This transitional time of year is one of my favorites in terms of the produce we see at the markets. There are still so many options to choose from, so many satisfying recipes to tackle, and beautiful rich color schemes everywhere you look. We thought a few photos of such bounty would be a good homage to the season.
Eggplants always draw me in with their incredibly shiny purple hues, and various shapes. I also love how root vegetable are just starting to sit next to items like zucchini and eggplant, signaling the change of the season.
Produce or art? I see it as both, and try to approach home cooking with that same philosophy.
Pears and apples are plentiful, especially in places like Washington State, where we grow some of the very best in the country. I’m always ready for hot apple cider, or a pear tart with vanilla ice cream.
After perusing the markets and gathering produce that has caught my eye, the next best part is planning out dishes I can create at home. Last year I received the cookbook, “Vegetable Literacy”, by Deborah Madison as a wedding gift. I absolutely fell in love with it, as it feels very much like Madison is in my kitchen, teaching me how to look at vegetables in new ways. She’s a real expert when it comes to vegetarian cooking, with years of experience and so much helpful information to impart. The recipes feel new and fresh, but the ingredients are simple and quite healthy.
One of my favorite that I’ve tried, is her version of a Gratin. It literally melts in your mouth, and uses up all the gorgeous eggplants I tend to stockpile this time of year.
Eggplant, Tomato, and Zucchini Gratin, from “Vegetable Literacy”
For 2 as a main dish, or 4 as a side dish
Even though these vegetables come into season in mid summer, I think of this an an autumn dish. It’s a good way to use the last vegetable-fruits before a freeze puts an end to them. The vegetables are cooked first until they are soft, then they are baked under a cover of bread crumbs. It’s something of a two-part dish, which has its advantages. Once you have cooked the vegetables, you can finish the dish when the time is right for you, whether it’s right away or a day later.
Late season vegetables don’t necessarily gain their full size, so you might end up using a few eggplants, rather then just one, and smaller tomatoes – or possibly one last big one. This recipe isn’t at all about precise amounts.
1 Rosa Bianca or other oval or globe-shaped eggplant (1 pound or larger)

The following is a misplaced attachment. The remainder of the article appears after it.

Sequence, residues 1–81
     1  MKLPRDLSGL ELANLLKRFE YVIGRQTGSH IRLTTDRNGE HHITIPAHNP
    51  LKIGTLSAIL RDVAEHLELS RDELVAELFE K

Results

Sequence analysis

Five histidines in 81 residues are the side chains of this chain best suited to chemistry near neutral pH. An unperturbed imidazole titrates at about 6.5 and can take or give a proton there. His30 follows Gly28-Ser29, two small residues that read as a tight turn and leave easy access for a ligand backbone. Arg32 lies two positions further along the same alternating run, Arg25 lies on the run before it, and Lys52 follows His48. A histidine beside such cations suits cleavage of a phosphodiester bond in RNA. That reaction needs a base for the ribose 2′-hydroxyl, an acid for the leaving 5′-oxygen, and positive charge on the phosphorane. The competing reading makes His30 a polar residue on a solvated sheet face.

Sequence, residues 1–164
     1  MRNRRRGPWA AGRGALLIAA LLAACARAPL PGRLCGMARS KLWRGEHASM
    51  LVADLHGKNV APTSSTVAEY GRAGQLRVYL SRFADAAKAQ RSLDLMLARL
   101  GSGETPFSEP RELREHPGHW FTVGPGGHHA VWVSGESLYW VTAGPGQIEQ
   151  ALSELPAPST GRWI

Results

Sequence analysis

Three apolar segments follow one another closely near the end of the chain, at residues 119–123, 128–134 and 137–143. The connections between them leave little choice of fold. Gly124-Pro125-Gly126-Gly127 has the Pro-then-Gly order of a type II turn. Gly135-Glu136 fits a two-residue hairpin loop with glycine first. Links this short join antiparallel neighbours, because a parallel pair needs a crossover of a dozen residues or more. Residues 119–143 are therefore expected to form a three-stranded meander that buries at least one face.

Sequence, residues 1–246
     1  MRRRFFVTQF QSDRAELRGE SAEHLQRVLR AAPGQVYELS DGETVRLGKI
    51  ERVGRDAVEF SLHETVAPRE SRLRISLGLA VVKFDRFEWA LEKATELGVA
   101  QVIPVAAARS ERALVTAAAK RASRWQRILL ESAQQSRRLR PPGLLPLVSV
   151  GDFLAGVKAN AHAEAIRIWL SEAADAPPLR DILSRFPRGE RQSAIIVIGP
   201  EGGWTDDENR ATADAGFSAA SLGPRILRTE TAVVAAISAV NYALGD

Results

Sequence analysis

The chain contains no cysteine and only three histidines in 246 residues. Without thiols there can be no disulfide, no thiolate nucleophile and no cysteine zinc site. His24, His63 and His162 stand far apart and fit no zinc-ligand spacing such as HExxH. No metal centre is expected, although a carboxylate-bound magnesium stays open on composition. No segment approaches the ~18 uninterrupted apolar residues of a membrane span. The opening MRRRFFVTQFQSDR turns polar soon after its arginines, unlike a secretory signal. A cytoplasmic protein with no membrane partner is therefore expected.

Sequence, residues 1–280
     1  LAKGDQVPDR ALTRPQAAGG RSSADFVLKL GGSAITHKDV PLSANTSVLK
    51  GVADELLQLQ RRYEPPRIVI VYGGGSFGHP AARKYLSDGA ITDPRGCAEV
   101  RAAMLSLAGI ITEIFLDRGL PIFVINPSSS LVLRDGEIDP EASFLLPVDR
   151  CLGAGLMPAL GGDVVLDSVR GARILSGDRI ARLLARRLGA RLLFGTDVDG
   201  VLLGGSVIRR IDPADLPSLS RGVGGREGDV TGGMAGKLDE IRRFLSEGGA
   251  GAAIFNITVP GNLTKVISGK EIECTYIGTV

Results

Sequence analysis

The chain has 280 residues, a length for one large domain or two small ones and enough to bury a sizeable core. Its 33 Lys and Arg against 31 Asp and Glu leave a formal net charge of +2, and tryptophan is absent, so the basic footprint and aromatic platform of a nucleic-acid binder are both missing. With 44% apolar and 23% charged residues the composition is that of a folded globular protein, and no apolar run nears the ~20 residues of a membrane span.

3 tablespoons olive oil, plus more for the dish
1 large onion, sliced crosswise
3 plump cloves garlic, smashed with a knife
5 tomatoes (about 1 pound), peeled and quartered
3 tablespoons chopped parsley
2 teaspoons chopped oregano, or 1 teaspoon dried oregano
freshly ground pepper
3 or 4 smallish zucchini (about 12 ounces), sliced on the diagonal about 1/3 inch thick
2 teaspoons tomato paste
1 large clove garlic
2 tablespoons chopped oregano, or a scant teaspoon dried
2 tablespoons olive oil
4 ounces mozzarella cheese, sliced
1 cup fresh bread crumbs
Quarter the eggplant lengthwise, then cut each quarter crosswise into slices about 1/3 inch thick. Unless the eggplant is very fresh, salt the slices lightly and set aside while you prepare the other vegetables, then blot dry.
Heat the oven to 375 degrees F. Lightly oil an 8 by 10 inch or 10 inch oval gratin dish.
Heat the oil in a wide skillet with a lid over medium high heat. Add the onion, garlic, eggplan, tomatoes, parsley, and oregano and season with salt and pepper. Cover the pan, turn the heat to high, and when the vegetables begin to sizzle, turn the heat to low. Lay the zucchini over the top of the vegetables, cover, and cook for 20 minutes. By this time, the vegetables should be soft. Using a slotted spoon, turn them into the prepared gratin dish. Stir the tomato paste into the liquid remaining in the skillet, then pour the liquid over the vegetables.
To finish the gratin, pound the garlic with a few pinches of salt in a mortar until smooth. Add the basil, oregano, and oil, and work together, forming a paste. Spoon the paste over the vegetables, and then intersperse the cheese among them. Cover the surface with the bread crumbs.
Bake until the bread crumbs have browned and the vegetables are hot and bubbling, about 35 minutes. Let the gratin settle for 10 to 15 minutes before serving.
All photos by Carlton Canary, styled by me.